In celebration of American Indian Heritage Month the U.S. Department of Agriculture today reported that there are nearly 80,000 American Indian operators on 61,472 farms and ranches across the United States. This represents an 88-percent increase over the number of American Indian farmers USDA counted in 2002.
And today, Secretary Vilsack welcomed tribal leaders and members from across the country to the USDA today to participate in a forum with Agriculture Deputy Secretary Kathleen Merrigan and USDA’s senior leadership team. The forum was created with a goal of facilitating a dialogue between tribal representatives and the Department and to allow tribes to learn more about the wide variety of programs USDA administers.
Tribal leaders addressed a wide array of concerns and topics ranging from US Forest Service collaboration to water and utility resources in rural areas. It was a learning experience for the USDA as well as the native people of America have been working the land and practicing adaptive management techniques in agriculture for centuries.
Joe Kennedy of the Timbisha Shoshone Tribe highlighted the contribution of Native American agriculture when he pointed out that two-thirds of food now in common consumption originated with native peoples and now that food – corn, beans, etc – feeds a large portion of the world.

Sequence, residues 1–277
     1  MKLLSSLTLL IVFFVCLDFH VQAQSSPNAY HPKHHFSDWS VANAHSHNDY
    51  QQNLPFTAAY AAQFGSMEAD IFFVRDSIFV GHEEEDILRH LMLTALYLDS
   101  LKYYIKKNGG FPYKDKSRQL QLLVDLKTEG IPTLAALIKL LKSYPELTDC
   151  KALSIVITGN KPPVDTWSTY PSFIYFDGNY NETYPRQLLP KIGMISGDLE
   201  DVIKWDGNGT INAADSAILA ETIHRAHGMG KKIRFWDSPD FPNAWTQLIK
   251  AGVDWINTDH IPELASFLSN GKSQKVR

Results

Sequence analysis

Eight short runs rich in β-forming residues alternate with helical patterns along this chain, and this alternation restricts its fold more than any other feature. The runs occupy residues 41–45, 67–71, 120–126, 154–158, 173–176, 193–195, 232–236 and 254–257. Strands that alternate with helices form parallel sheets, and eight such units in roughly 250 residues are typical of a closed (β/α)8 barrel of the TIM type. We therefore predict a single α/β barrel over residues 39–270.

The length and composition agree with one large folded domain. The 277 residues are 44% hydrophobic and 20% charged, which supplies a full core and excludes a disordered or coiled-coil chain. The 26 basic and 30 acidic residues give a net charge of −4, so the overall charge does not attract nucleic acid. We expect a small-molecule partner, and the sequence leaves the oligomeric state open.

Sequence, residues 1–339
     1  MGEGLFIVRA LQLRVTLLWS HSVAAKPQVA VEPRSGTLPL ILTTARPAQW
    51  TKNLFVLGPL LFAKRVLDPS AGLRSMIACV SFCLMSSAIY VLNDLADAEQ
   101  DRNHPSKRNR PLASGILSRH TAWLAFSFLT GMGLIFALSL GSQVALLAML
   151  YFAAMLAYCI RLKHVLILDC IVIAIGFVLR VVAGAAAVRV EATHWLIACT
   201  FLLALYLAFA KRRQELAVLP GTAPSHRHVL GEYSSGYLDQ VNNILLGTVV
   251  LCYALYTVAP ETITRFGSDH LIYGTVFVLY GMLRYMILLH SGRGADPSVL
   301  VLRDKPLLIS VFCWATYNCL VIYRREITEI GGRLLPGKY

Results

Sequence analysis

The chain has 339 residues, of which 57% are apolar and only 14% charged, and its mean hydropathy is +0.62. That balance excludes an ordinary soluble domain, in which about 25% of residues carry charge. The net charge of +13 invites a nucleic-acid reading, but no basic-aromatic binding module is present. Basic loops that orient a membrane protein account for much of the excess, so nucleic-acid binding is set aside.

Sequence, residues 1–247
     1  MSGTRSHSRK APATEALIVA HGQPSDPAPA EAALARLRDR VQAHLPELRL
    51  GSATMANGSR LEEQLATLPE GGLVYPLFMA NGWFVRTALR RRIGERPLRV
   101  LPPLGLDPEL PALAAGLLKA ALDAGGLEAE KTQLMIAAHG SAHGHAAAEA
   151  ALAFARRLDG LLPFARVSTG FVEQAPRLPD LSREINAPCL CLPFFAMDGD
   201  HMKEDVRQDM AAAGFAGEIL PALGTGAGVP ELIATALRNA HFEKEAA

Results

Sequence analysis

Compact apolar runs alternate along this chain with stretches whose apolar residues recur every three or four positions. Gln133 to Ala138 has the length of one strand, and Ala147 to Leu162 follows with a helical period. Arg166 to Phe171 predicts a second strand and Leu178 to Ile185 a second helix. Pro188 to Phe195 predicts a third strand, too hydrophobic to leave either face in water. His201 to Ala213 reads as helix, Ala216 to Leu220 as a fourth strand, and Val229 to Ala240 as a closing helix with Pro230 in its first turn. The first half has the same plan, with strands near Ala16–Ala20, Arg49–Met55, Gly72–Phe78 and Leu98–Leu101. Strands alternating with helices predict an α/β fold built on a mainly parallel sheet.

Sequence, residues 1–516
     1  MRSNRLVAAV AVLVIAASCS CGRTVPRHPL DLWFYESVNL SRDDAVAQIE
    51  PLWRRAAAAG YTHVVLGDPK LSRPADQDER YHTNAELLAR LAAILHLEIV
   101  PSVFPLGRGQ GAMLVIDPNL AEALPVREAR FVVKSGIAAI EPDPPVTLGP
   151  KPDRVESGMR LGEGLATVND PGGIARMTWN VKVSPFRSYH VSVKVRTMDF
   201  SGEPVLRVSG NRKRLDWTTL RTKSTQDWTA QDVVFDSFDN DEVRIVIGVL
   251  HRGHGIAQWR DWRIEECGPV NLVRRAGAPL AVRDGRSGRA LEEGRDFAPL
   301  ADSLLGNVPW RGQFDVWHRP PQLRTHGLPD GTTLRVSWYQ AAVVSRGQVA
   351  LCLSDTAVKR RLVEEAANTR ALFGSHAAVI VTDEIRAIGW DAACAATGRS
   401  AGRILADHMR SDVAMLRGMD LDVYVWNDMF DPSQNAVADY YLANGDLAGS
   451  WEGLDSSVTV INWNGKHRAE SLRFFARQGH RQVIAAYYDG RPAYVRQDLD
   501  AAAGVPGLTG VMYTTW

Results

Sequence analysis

Antone Minthorn, a Cayuse Indian representing the Confederated Tribes of the Umatilla Indian Reservation, discussed the challenges of enrolling in NRCS programs due to the limited enrollment timeframes. Lands held in tribal trust by the Bureau of Indian Affairs have an extended process regarding leases and the process often prevents tribes from participating in certain land resource conservation programs.
Tony Wounded Head, a council member from the Pineridge Oglala Lakota Nation, asked that the USDA provide more information on climate legislation and the potential for tribes to benefit from carbon credits. The Pineridge reservation has an unemployment rate of 85% among its 45,000 residents and he believes that carbon credits can ensure a strong future for his people.
The forum was held in advance of the White House Tribal Nations Conference.